states and men.
  [ begin page 312 ]ppp.00270.314.jpg


18Ages, precedents, have long been accumulating undi- 
 rected materials,
America brings builders, and brings its own styles.
19The immortal poets of Asia and Europe have done  
 their work, and pass'd to other spheres,
A work remains, the work of surpassing all they have  
20America, curious toward foreign characters, stands  
 by its own at all hazards,
Stands removed, spacious, composite, sound—initiates  
 the true use of precedents,
Does not repel them, or the past, or what they have  
 produced under their forms,
Takes the lesson with calmness, perceives the corpse  
 slowly borne from the house,
Perceives that it waits a little while in the door—that  
 it was fittest for its days,
That its life has descended to the stalwart and well- 
 shaped heir who approaches,
And that he shall be fittest for his days.
21Any period, one nation must lead, One land must be the promise and reliance of the  
22These States are the amplest poem, Here is not merely a nation, but a teeming nation of  
Here the doings of men correspond with the broadcast  
 doings of the day and night,
Here is what moves in magnificent masses, careless of  
Here are the roughs, beards, friendliness, combative- 
 ness, the Soul loves,
Here the flowing trains—here the crowds, equality,  
 diversity, the Soul loves.
  [ begin page 313 ]ppp.00270.315.jpg


23Land of lands, and bards to corroborate! Of them, standing among them, one lifts to the light his  
 west-bred face,
To him the hereditary countenance bequeath'd, both  
 mother's and father's,
His first parts substances, earth, water, animals, trees, Built of the common stock, having room for far and  
Used to dispense with other lands, incarnating this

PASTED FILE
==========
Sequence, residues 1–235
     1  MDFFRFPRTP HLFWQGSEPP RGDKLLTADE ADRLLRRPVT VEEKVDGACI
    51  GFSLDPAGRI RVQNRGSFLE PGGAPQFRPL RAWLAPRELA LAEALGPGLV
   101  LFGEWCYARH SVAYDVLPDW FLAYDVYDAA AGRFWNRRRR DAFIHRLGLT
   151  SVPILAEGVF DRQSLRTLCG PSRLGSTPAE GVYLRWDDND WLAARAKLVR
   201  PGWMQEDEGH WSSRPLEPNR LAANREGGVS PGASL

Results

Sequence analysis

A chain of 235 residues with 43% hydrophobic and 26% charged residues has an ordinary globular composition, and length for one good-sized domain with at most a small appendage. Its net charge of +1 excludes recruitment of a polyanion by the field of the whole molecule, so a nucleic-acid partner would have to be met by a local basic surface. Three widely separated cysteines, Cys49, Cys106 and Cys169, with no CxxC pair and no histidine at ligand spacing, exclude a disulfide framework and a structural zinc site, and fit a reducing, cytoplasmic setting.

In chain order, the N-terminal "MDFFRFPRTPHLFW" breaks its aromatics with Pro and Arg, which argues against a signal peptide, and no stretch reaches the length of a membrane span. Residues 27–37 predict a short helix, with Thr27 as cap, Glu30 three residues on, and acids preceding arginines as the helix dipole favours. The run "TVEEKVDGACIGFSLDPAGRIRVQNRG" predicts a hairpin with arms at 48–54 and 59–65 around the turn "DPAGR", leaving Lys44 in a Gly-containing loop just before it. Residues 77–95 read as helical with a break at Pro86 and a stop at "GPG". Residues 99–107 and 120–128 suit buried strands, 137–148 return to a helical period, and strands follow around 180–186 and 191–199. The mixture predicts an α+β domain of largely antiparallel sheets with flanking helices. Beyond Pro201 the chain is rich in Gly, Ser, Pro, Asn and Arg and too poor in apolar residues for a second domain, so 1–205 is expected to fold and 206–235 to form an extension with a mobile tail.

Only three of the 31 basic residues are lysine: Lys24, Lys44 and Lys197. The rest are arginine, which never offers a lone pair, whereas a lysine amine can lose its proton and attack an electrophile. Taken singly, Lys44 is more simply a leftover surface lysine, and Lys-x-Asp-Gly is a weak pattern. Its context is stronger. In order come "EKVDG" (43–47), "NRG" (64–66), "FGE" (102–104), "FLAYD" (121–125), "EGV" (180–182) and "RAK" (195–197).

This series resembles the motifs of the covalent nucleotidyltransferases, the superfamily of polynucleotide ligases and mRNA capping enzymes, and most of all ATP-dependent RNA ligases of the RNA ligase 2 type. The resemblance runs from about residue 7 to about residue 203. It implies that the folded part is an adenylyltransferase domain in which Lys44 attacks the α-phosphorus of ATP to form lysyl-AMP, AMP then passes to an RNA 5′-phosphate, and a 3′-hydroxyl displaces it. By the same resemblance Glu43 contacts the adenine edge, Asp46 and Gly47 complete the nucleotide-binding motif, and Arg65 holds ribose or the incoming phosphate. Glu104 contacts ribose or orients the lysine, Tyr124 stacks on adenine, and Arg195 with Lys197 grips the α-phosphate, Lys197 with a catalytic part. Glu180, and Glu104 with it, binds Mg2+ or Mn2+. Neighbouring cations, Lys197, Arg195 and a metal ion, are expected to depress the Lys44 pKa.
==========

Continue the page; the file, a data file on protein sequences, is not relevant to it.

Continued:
Attracting it Body and Soul to himself, hanging on its  
 neck with incomparable love,
Plunging his seminal muscle into its merits and de- 
Making its cities, beginnings, events, diversities, wars,  
 vocal in him,
Making its rivers, lakes, bays, embouchure in him, Mississippi with yearly freshets and changing chutes—  
 Columbia, Niagara, Hudson, spending them- 
 selves lovingly in him,
If the Atlantic coast stretch, or the Pacific coast stretch,  
 he stretching with them north or south,
Spanning between them, east and west, and touching  
 whatever is between them,
Growths growing from him to offset the growth of  
 pine, cedar, hemlock, live-oak, locust, chestnut,  
 hickory, cotton-wood, orange, magnolia,
Tangles as tangled in him as any cane-brake or swamp, He likening sides and peaks of mountains, forests  
 coated with northern transparent ice,
Off him pasturage sweet and natural as savanna, up- 
 land, prairie,
Through him flights, whirls, screams, answering those  
 of the fish-hawk, mocking-bird, night-heron, and  
His spirit surrounding his country's spirit, unclosed to  
 good and evil,
Surrounding the essences of real things, old times and  
 present times,
  [ begin page 314 ]ppp.00270.316.jpg Surrounding just found shores, islands, tribes of red  
Weather-beaten vessels, landings, settlements, embryo  
 stature and muscle,
The haughty defiance of the Year 1—war, peace, the